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Jogja Bikes Once More

Melati Kaye

Friday, 9 pm, Jalan Sudirman, Yogyakarta, Central Java—a crew of kids on fixed gear bikes pull down the main drag. Among them is a girl sporting a chilbab (Indonesian for headscarf), skinny jeans and a bright yellow bike emblazoned with the Playboy Bunny.

Bandana clad teenagers test out new tricks to the bemusement of a homeless family settling in for the night. And along the sidewalk, between the warungs (streetside eateries), bikes splay out by the hundreds. Tall bikes, 1950’s era Dutch makes, and low ride cruisers with neon green fur-lined seats. Their owners sit alongside participating in the time honored Javanese tradition of nongkrong (or bullshitting time away).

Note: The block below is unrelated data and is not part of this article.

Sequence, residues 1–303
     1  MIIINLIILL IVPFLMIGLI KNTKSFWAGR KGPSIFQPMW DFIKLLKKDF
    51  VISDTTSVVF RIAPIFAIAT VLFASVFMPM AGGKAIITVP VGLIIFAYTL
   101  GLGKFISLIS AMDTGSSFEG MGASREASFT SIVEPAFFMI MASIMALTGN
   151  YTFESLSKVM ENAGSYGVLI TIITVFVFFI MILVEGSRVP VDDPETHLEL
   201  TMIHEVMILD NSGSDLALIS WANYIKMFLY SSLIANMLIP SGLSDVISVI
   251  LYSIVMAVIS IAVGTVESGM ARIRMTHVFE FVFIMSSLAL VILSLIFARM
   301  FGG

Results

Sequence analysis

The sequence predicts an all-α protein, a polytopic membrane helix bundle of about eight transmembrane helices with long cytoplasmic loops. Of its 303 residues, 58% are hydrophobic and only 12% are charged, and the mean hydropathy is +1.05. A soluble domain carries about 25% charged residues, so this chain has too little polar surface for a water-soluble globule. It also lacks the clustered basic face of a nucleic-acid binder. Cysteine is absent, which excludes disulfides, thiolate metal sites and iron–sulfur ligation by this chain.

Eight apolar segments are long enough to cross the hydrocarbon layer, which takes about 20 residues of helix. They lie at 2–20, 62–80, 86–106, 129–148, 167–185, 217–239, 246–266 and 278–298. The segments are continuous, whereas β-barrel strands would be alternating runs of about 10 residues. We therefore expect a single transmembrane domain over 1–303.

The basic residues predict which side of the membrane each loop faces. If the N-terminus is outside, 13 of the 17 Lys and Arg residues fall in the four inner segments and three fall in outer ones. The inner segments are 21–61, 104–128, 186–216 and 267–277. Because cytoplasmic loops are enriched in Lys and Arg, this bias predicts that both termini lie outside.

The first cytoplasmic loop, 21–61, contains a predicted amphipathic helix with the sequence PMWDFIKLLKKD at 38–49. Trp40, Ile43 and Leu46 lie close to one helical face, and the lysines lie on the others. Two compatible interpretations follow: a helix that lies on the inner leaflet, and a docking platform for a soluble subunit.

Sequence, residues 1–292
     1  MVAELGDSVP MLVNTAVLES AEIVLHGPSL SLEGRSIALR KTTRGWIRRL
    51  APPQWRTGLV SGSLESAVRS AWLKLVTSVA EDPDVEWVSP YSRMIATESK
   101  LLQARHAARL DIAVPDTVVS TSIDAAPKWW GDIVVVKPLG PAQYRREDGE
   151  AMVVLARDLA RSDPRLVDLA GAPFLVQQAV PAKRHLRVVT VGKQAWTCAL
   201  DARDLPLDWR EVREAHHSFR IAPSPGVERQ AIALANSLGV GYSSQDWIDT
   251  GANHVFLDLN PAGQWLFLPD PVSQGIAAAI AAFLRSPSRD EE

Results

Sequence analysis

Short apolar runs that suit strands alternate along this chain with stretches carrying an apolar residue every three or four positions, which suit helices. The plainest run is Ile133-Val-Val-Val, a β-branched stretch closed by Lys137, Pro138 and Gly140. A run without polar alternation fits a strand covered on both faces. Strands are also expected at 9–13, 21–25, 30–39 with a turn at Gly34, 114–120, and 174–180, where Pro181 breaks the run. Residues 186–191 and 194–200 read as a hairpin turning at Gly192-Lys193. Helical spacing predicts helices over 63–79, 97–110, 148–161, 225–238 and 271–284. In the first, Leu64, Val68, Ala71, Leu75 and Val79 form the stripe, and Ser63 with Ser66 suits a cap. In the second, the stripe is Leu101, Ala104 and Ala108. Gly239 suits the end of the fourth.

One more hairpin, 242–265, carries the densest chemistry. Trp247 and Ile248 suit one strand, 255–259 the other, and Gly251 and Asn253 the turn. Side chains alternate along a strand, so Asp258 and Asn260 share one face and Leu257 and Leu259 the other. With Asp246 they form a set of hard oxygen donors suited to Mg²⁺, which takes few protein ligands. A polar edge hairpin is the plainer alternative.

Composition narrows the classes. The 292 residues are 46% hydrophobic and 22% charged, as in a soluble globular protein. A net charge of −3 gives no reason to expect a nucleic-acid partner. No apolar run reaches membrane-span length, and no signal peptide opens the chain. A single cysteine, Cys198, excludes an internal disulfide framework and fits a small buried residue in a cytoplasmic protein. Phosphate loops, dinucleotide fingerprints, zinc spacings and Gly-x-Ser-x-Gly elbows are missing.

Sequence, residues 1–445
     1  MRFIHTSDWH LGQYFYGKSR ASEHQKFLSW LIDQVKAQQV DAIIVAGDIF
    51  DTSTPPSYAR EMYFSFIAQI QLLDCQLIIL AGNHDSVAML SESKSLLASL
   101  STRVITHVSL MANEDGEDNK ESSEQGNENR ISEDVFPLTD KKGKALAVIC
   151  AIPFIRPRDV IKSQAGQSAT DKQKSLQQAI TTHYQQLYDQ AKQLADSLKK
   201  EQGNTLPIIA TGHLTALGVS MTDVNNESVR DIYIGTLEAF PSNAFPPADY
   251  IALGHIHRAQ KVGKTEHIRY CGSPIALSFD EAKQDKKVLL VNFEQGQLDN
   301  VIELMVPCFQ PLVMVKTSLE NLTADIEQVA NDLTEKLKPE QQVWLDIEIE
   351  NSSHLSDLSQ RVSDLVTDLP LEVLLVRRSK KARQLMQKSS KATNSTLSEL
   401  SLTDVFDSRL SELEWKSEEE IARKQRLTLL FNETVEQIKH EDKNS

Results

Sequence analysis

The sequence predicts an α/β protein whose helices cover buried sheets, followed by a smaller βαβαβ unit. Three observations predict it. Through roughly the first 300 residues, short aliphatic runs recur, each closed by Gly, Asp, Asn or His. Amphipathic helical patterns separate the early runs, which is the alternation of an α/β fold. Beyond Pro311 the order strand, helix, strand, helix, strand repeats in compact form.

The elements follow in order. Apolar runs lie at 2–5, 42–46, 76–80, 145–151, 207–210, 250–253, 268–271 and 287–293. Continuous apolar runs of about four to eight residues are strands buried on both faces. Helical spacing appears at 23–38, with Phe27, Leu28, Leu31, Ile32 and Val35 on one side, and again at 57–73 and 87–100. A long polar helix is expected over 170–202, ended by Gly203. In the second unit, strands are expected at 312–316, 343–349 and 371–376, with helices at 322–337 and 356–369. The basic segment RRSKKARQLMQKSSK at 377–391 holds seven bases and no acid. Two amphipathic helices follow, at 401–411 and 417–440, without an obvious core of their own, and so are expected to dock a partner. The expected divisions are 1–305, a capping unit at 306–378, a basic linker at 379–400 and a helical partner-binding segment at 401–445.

Yogyakarta has the title of Indonesia’s art and culture city. At one time, back in the 1950’s, bicycle central was another popularly used moniker. But that title disappeared in the 1980’s and 1990’s as a generation of Central Javanese rose to middle class status and turned to motorbikes and private cars. Last year, Indonesia ranked as the world’s third largest market for scooters. And Yogyakarta’s streets—packed with cars and trucks—reflect the national motorized boom.

Recently though, Yogyakarta’s once vibrant bicycle culture has been on the rebound. Fixed gears have become all the rage, and generated much of the enthusiasm for a resurgence.